The Last Duel in Newfoundland and Labrador

Dueling pistols held in the collection at The Rooms they were used in the last duel to cause a death in Newfoundland, in 1826.


The last duel in St. John’s took place 25 September 1873.  The choice of weapons was pistols. A young  fellow named Din Dooley  had come to town from Heart’s Content and was soon attempting  to win the heart of a prominent city lass  (Miss White)  who was already spoken for by one Augustus Healey.

The matter could only be settled by a duel.

Satisfaction was to be obtained in Fort Townsend hollow, a small glen located behind what is now the site of The Rooms on Merrymeeting Road, St. John’s.

At the exchange of the shots Dooley fainted while Healy stood firm.  Unknown to the love sick protagonist, their seconds, Fred Burnham and Thomas Allan, had loaded the pistols with blanks, turning the tragedy into farce.  Their friends  (seconds) were sitting back and saying, ‘This is really crazy. They’ve been friends their whole lifetime; why are they allowing this woman to come between them?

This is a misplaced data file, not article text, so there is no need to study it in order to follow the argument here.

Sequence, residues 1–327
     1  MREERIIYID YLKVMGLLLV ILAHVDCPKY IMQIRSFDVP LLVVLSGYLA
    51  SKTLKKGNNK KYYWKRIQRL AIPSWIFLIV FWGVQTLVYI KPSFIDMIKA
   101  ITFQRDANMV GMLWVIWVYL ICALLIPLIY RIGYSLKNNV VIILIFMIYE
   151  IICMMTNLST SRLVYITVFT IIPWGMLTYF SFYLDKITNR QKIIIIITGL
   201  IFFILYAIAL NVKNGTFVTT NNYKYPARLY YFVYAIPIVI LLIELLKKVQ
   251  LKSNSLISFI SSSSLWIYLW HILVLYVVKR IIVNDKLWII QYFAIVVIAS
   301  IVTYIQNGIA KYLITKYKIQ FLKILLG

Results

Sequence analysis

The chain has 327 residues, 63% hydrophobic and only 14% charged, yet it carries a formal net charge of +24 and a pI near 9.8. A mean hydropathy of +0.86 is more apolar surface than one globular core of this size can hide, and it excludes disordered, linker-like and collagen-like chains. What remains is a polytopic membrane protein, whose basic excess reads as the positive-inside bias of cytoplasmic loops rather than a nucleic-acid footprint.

After Din came to the combatants, as well as their seconds, and the crowd went to Casey’s field close by where they settled the score with fisticuffs. Not surprisingly Healey won the fight.

Though Healey won the fisticuffs, neither swain won fair lady. It is reported that she married a man far less belligerent, and certainly less romantic.

In true Newfoundland fashion a song was written about the duel.

On Friday last at half past two,
Two love-stricken chaps,
Up in Fort Townshend Hollow met
For satisfaction’s raps.

One of them, Gus Healey was,
The other Dooley Din,
Come over here from Heart’s Content,
Miss White’s green heart to win.

Sergt Sullivan the gallant cop,
Brought six Policemen out,
And turned the pistolizing crowd
Around to the right about.

With pistols hugged beneath their arms,
They went to Casey’s Farm,
Where Dooley Din got well oiled-off,
Behind John Casey’s barn.

More information on this duel is posted here:

Source: The Oldest City, The Story of St. John’s, Newfoundland, Paul O’Neill, Press Porcepic, 1975.